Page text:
I got started at BIG BLUE because of Microsoft: my first IBM PC-Compatible was an x86 running MS-DOS 2.0; and I followed that MS path over they years all the way to today where I work and deal with multi-core processors, Terabytes of  memory and storage; and I can connect and communicate with just about anyone (that I choose to) around the globe. (Almost) – instantaneously.

The PC, for me, has been a hobby that led to a job where I have worked with generations of Intel-based hardware architectures and Microsoft Operating Systems and Applications. The Second and Third-party O/S and applications I have worked with over the years can be mind-boggling.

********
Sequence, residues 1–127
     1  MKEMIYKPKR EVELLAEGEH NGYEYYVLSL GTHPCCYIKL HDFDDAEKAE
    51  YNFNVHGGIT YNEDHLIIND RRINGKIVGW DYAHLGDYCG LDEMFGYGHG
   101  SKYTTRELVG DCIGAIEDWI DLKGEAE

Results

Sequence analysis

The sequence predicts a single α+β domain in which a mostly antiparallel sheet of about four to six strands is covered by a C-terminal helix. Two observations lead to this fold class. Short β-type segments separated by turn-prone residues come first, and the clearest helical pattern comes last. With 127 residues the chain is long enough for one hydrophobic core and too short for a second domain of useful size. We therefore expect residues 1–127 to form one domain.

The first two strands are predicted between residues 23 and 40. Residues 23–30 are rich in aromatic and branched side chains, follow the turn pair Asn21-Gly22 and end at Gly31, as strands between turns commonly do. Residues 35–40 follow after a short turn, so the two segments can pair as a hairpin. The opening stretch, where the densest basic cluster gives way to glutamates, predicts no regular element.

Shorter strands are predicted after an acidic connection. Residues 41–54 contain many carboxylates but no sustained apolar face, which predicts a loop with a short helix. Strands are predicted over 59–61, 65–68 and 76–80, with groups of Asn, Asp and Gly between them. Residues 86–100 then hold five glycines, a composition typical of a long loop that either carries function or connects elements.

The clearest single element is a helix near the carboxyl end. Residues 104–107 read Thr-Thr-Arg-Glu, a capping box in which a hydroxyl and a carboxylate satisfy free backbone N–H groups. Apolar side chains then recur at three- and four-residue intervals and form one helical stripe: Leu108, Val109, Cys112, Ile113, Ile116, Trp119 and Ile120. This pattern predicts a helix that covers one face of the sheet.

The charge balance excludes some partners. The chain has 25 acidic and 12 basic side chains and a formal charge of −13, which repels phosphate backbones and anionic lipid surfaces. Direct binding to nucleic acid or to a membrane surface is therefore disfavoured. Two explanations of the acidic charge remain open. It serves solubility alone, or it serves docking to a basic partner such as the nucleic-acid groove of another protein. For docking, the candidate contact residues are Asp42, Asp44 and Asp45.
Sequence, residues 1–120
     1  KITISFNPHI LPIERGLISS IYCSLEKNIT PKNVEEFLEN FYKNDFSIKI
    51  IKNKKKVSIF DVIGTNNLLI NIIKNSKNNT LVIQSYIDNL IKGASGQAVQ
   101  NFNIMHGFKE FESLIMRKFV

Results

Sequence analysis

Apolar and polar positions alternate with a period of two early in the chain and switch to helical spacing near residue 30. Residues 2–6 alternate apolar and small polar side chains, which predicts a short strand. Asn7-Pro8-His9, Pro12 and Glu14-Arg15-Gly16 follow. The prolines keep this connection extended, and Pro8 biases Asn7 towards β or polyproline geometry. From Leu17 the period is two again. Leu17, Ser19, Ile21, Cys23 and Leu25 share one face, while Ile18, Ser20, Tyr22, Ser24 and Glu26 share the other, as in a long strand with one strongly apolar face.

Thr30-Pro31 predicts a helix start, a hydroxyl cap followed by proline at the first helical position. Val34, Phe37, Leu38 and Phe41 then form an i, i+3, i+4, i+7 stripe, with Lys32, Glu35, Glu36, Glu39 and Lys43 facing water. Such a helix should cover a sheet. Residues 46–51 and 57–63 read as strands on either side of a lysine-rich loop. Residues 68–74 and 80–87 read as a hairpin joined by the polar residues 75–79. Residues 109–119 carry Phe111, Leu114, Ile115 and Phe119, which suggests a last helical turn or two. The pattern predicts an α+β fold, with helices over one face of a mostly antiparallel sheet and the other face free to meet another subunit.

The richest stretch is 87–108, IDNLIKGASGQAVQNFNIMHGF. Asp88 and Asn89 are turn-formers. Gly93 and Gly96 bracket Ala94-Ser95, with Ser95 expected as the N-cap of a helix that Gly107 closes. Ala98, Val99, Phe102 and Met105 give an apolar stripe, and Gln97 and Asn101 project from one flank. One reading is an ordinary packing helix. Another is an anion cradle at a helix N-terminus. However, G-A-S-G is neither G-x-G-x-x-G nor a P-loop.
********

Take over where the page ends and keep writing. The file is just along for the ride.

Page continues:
I’m now at peace with Linux and their Open-Source concept. After all, even Microsoft has been playing nice with Linus Torvalds (after IBM made big overtures to the Open-source community of software developers; and after the DOJ smacked Microsoft down hard for play at being a monopoly – long before Google and Amazon came along to challenge Microsoft’s dominance of the PC consumer market.

The game’s afoot in the A.I and mobile markets. Yet, I now find mobile computers and computing to be too instrusive. Futuristic science-fiction writers – such as Arthur C. ClarkeIsaac AsimovRobert HeinleinRay BradburyPhilip K. DickGene Roddenberry George Orwell (and others) were quite a perceptive bunch of visionaries.

Oh!

For the Apple ‘fan-boys and girls‘ out there that may come across this and read to the end … NEVER!!

I’d rather chew both arms off or be forced to learn Esperanto before I become an owner/user of an Apple product! Of course, the nit-pickers of the world will look for something to nit-pick about.